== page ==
By Jeff Balke
By Aaron Reiss
By Angelica Leicht
By Dianna Wray
By Aaron Reiss
By Camilo Smith
By Craig Malisow
By Jeff Balke
The issue itself, however, is nothing new.
"I used to run into these cases," says Brent Renison, an immigration attorney in Oregon who used to work for the State Department in one of its passport agencies, "and I know how they were dealt with, at least in the early 1990s. This has been going on for a long time."
Birth certificates signed by midwives or filed more than a year after the birth are flagged and applicants are asked for additional proof, he says. The trouble arises when the applicants then submit further evidence deemed insufficient by the passport office.
"It becomes a battle of documentation," Renison says. "The government can't prove they're not a citizen, the citizen can't prove they are, so they're just stuck in the middle. I think it comes down to the applicants not feeling that their evidence is being considered properly."
To Hernandez and his lawyer, Lisa Brodyaga, it's much more.
"The Department of State thinks it has discretion to decide who's a citizen and who's not," says Brodyaga. "They consider that how they weigh the evidence is a discretionary function. And to me that's incorrect. As a matter of law, there's a standard called 'preponderance of the evidence,' and it's not a discretionary thing to decide whether or not a person is a U.S. citizen."
This is the same standard used in civil courts, as opposed to the more severe "beyond a reasonable doubt" required in criminal courts. In this case, Brodyaga argues, it means that if an applicant has documentation he was born here, it must be accepted, barring more convincing proof that he was born elsewhere.
U.S. Representative Solomon Ortiz, a Democrat from the 27th District, ranging from Corpus Christi to Brownsville, contacted the State Department after getting numerous calls from constituents who were able to vote for him but could not get a passport.
"What we got from [the State Department] was that a lot of this is pretty subjective," says Danny Guerrero, Ortiz's spokesman. "If you presented your case and paperwork to a certain adjudicator, their criterion could be very different than if you presented the same paperwork to a different person."
Hernandez is one of eight plaintiffs in the ACLU lawsuit representing thousands of Hispanic Americans delivered by midwives along the border. The lawsuit alleges that the State Department is denying passports to applicants by using a subjective standard and that this discriminates against U.S. citizens based on their Mexican descent and midwife birth. The plaintiffs are asking Judge Randy Crane in McAllen federal court to prohibit the discriminatory standard.
Officially, the State Department is not commenting, citing the pending litigation. In July, when the issue was first hitting the news, spokesman Cy Ferenchak of the U.S. Bureau of Consular Affairs told The Brownsville Herald, "Normally, a birth certificate is sufficient to prove citizenship. But because of a history of fraudulently filed reports on the Southwest border, we don't have much faith in the (midwife-granted) document."
A list last updated in 2002 by the then-named Immigration and Naturalization Service, now part of the Department of Homeland Security, and widely distributed among immigration attorneys in Texas, identifies nearly 250 "suspicious" midwives, 74 of them convicted of fraud-related crimes from the late 1950s through the 1990s.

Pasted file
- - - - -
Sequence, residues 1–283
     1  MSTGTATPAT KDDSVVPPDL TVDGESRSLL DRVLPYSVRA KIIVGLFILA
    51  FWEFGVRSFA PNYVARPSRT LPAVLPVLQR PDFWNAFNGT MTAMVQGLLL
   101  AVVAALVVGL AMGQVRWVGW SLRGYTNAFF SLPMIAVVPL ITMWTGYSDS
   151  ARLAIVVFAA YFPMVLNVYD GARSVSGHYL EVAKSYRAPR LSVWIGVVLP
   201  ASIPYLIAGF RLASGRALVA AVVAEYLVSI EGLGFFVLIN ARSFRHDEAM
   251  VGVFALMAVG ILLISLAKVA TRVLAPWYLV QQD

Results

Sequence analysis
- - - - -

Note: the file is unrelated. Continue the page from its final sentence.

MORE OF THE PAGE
David Hernandez's midwife appears on the document but is not listed as having a conviction. One of Brodyaga's frustrations is that the government will not say what makes a midwife suspicious if she does not have a conviction.
According to the Texas Midwifery Board, which regulates the industry, 13 midwives have been disciplined for document fraud since 1999. Additionally, a 2000 Inspector General report from the Department of Health & Human Services cites problems specifically along the border (see "Hispanics Delivered by Border Midwives Are Having Trouble Getting U.S. Passports: Location, Location").
"In fact," the report states, "midwife registration has become such a problem in one border city we visited that they now require a police officer to be called to the scene shortly after any midwife delivery to verify that the birth actually occurred in the United States."
Former Brownsville city councilman Tony Zavaleta says this kind of vigilance is unnecessary today, but remembers widespread lawlessness before regulation. Brownsville passed the state's first city ordinance regarding midwives in 1977, followed by statewide regulation in 1983.
"The practice of midwifery was out of control," Zavaleta says. "There was no restraint or anything. It was the Wild West, and so as you can imagine, there were numerous cases where people just signed birth certificates for money."
Brodyaga argues, however, that suspicion is not proof. "There's absolutely no rhyme or reason [to the list]," she says. "I can't tell if it's any midwife or all noninstitutional births that they view with jaundiced eyes. I used to think they treated immigrants badly. Now they're treating U.S. citizens like dirt."
Today, the midwife business is strictly regulated by the state. In order for Texas to accept a birth certificate signed by a midwife, she must be licensed and registered with the Texas Midwifery Board. Among its duties, the board sets standards for mandatory continuing education, investigates complaints and disciplines midwives found guilty of violations.